(see previous posts in this series here, here, here, here, and here)
Plenty of issues plagued the Fédération Internationale de Football Association (FIFA) before and during the Women’s World Cup earlier this month. From field conditions to unequal prize money to FIFA president Sepp Blatter’s absence from the final game for the first time in twenty years, it seemed that each day brought negative attention to international soccer’s governing body.
Of course, these issues are just symptoms of a bigger problem: the corruption that has permeated FIFA for years. Various groups, including the U.S. and Swiss governments, are now taking a closer look at how the nonprofit FIFA functions. The U.S. Department of Justice issued indictments for fourteen FIFA officials in May of this year; the U.S. Senate Committee on Commerce, Science and Transportation will hold a hearing today on the governance and integrity of international soccer.
What hasn’t been mentioned much, if at all, is the lack of female representation at FIFA and in international soccer generally. The FIFA Congress, which elects the President, approves the annual report, and elects the members of the Executive Committee, is made up of representatives of the affiliated member associations. Of the 209 associations, only Sierra Leone (Isha Johansen) and Turks & Caicos (Sonia Bien Aime) have women occupying the position of association president.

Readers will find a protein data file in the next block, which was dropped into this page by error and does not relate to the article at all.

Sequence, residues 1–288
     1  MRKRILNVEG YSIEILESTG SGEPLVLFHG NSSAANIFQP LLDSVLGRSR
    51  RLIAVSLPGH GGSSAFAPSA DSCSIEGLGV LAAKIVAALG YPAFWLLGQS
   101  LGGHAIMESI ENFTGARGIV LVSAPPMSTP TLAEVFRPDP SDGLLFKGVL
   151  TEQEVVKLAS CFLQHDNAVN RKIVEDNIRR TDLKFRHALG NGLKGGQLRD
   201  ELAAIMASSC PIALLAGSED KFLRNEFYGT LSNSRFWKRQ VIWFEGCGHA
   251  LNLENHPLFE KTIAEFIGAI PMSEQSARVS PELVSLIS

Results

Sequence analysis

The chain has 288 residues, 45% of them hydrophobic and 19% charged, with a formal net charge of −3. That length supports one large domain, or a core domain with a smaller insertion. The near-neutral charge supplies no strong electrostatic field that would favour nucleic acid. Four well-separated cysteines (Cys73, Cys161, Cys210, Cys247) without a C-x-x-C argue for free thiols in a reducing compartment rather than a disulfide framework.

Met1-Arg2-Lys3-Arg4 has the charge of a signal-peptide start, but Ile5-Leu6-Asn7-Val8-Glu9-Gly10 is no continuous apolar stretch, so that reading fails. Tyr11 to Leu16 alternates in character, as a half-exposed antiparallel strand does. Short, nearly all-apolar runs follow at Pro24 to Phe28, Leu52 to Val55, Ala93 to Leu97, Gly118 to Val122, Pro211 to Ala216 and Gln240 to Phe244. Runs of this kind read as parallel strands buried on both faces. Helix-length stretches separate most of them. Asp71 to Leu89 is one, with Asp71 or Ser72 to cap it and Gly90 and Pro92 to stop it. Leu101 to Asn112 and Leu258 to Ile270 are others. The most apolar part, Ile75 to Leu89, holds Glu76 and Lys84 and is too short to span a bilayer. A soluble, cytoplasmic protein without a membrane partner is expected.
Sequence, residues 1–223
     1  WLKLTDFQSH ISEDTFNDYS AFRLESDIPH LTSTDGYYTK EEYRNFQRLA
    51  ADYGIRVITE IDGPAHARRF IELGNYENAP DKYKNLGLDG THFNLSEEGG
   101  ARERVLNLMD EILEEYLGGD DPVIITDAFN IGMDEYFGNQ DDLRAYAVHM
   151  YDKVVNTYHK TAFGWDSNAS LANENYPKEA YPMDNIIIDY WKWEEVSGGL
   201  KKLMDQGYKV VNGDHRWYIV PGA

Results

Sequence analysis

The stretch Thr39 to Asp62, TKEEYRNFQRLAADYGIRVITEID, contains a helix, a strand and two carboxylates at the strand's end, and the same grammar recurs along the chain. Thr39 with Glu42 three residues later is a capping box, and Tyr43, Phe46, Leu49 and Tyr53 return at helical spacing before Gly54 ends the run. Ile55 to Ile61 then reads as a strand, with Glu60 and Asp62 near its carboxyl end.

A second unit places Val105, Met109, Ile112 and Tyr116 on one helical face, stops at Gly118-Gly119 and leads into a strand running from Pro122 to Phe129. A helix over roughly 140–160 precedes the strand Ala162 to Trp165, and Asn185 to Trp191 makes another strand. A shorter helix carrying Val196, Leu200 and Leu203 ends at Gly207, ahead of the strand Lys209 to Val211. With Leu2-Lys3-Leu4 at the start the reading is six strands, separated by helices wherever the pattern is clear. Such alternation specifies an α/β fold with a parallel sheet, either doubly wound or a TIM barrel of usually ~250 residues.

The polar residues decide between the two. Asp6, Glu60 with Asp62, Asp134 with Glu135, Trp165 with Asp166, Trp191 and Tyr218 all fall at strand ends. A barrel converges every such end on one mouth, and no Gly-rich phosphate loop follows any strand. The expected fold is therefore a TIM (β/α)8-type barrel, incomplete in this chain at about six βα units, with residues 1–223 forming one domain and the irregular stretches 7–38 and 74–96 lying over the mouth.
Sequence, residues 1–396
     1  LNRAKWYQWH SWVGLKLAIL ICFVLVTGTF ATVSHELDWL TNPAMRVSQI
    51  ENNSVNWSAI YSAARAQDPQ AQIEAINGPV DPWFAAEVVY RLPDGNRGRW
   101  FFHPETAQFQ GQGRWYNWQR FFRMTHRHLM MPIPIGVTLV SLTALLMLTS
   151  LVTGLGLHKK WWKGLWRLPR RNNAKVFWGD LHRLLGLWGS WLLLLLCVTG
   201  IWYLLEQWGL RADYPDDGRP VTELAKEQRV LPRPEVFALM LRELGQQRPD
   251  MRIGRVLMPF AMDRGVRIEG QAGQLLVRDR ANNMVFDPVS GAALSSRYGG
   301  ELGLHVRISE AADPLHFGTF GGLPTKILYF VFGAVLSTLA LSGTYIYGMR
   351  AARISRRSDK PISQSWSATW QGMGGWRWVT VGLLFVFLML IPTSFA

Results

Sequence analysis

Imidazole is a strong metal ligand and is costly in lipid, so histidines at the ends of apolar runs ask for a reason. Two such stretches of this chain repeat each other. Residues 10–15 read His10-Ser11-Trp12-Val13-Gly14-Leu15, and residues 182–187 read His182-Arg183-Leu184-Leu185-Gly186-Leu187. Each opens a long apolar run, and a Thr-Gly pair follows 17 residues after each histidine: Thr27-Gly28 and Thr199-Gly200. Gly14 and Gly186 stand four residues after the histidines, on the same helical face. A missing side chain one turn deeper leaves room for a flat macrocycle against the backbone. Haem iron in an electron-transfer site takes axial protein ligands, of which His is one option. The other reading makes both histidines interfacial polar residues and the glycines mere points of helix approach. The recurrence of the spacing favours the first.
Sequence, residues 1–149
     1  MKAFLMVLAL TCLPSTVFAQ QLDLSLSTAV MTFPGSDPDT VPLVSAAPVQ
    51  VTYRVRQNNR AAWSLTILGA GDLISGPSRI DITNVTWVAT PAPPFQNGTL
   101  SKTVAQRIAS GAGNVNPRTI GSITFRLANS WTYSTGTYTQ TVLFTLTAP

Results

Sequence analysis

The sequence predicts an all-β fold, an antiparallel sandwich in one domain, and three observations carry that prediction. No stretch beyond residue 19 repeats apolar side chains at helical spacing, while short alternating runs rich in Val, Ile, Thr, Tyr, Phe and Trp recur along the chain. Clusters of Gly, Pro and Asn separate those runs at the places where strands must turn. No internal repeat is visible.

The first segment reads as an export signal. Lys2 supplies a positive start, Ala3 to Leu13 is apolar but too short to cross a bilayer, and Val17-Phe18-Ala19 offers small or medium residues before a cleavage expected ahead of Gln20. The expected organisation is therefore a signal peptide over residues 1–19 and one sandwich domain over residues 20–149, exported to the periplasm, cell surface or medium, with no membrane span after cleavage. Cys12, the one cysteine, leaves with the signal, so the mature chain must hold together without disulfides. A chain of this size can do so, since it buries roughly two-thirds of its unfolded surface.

The main decision making body at FIFA is the Executive Committee, which is made up of the president, eight vice presidents, fifteen appointed members, and one female member elected by the FIFA Congress. Currently, the Executive Committee includes only three women:
- Lydia Nsekera (Brundi) – Member
- Sonia Bien Aime (Turks & Caicos) – Member
- Moya Dodd (Australia) – Co-opted Member for special tasks
In an era where the Women’s World Cup broke viewing records and where some people posit that FIFA would be less corrupt of there were more women at the helm, FIFA and the 209 soccer associations could stand to reevaluate the level of female participation in the governance of the world’s most popular sport, and how women might be able to turn the current corrupt structure around.